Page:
Masterpiece Stories

Masterpiece Story: Impression, Sunrise by Claude Monet

James W Singer 18 December 2023 min Read

Claude Monet’s Impression, Sunrise is a masterpiece of Impressionism that captures the elusiveness and the impermanence of an autumn waterscape.

Historical Context

Claude Monet (1842-1926) is one of the most famous and beloved artists in our modern global society. He pioneered French Impressionism, which overthrew 19th-century practices of optical illusionism, meticulous details, and smooth shading. 

impression sunrise: Claude Monet, Impression, Sunrise, 1872, Musée Marmottan Monet, Paris, France.

Claude Monet, Impression, Sunrise, 1872, Musée Marmottan Monet, Paris, France.

Impressionism embraced abbreviation, speed, and spontaneity to capture the elusiveness and impermanence of a moment. Claude Monet’s Impression, Sunrise converts all of these ideas into a masterpiece of the movement. It could be argued that without Impression, Sunrise, the very name would not have existed at all.

impression sunrise: Claude Monet, Impression, Sunrise, 1872, Musée Marmottan Monet, Paris, France. Detail.

Claude Monet, Impression, Sunrise, 1872, Musée Marmottan Monet, Paris, France. Detail.

General Context

Impression, Sunrise is an oil on canvas measuring 65 cm wide and 50 cm high (18.9 in × 24.8 in). Monet painted it in a quick few hours sometime in November 1872 during his stay at Hôtel de l’Amirauté in Le Havre, Normandy, France, capturing the harbor from his southeast-facing hotel window. The left bank is the Quai au Bois, and the right bank is the Quai Courbe. The former is dotted by smoke-filled chimneys, and the latter is punctuated by construction cranes. Both quays witnessed the ever-increasing industrialization in 19th-century France. Amid these quays is a small water lock that leads to the Eure River. Monet presents the lock as the only piece of undisturbed shoreline. Perhaps there is an implied commentary of man encroaching upon nature here?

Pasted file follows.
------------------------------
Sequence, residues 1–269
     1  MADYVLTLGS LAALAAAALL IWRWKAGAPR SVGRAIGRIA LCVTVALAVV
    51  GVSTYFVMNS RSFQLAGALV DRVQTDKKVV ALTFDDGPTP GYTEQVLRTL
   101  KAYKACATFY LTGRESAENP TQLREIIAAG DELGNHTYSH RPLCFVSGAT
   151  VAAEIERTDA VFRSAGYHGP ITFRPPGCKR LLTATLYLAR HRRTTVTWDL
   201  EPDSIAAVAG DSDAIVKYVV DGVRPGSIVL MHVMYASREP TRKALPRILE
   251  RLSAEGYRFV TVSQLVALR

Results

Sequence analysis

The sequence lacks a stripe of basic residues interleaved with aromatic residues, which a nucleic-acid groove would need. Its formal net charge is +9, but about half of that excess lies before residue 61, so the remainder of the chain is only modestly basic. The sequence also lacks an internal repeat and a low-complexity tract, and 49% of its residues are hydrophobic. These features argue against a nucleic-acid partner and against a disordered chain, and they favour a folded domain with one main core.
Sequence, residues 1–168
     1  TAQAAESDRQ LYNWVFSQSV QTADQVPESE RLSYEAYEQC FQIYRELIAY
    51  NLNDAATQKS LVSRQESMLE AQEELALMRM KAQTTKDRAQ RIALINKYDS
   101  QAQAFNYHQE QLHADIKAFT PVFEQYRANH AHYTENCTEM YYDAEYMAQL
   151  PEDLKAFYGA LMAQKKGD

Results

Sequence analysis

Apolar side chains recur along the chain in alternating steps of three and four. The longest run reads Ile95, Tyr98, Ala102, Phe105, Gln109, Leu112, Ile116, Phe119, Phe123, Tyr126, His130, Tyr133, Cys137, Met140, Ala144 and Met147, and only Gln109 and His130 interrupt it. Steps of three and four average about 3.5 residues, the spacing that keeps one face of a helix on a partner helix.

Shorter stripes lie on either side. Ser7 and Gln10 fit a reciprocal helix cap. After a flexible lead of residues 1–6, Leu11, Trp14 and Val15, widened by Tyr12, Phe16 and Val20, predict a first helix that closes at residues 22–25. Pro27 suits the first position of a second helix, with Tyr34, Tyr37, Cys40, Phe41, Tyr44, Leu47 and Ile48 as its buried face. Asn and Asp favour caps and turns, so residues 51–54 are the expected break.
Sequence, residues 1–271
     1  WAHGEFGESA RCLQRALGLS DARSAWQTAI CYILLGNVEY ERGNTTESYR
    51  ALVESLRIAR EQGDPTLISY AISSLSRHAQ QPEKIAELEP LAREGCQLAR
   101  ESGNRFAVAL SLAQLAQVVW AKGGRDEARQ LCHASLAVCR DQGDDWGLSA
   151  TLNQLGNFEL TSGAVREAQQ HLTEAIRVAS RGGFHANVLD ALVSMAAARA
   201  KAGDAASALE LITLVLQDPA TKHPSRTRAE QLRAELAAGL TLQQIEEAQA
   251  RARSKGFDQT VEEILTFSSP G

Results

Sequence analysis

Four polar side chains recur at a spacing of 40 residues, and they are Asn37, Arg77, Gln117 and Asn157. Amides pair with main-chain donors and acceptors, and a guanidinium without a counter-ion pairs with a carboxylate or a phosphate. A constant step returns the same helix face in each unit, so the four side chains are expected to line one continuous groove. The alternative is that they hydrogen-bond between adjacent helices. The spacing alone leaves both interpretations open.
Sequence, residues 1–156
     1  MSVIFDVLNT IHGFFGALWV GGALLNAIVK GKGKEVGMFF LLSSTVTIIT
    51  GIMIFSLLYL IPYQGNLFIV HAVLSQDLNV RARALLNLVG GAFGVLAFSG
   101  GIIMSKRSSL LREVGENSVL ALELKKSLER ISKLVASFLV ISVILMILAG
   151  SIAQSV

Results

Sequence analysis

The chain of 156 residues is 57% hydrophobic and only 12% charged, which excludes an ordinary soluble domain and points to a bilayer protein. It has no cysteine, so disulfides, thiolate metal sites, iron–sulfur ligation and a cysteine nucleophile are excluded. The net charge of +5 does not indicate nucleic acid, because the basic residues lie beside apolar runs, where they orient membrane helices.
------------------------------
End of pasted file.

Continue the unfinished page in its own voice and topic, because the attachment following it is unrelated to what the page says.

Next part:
impression sunrise: Claude Monet, Impression, Sunrise, 1872, Musée Marmottan Monet, Paris, France. Detail.

Claude Monet, Impression, Sunrise, 1872, Musée Marmottan Monet, Paris, France. Detail.

Opposing Elements

The industrial elements, namely the chimneys and cranes, blend into the vaporous mist of the swirling sky. Black smoke and grey clouds converge into a bluish haze. The sun rises above these dark hues, casting a brilliant red-orange glow to the sky that reflects upon the glittering water below.

impression sunrise: Claude Monet, Impression, Sunrise, 1872, Musée Marmottan Monet, Paris, France. Detail.

Claude Monet, Impression, Sunrise, 1872, Musée Marmottan Monet, Paris, France. Detail.

The sun is the sole source of warmth in this scene. As it hangs in a distant sky, the scarce sunlight implies a cold and windy autumn dawn.

impression sunrise: Claude Monet, Impression, Sunrise, 1872, Musée Marmottan Monet, Paris, France. Detail.

Claude Monet, Impression, Sunrise, 1872, Musée Marmottan Monet, Paris, France. Detail.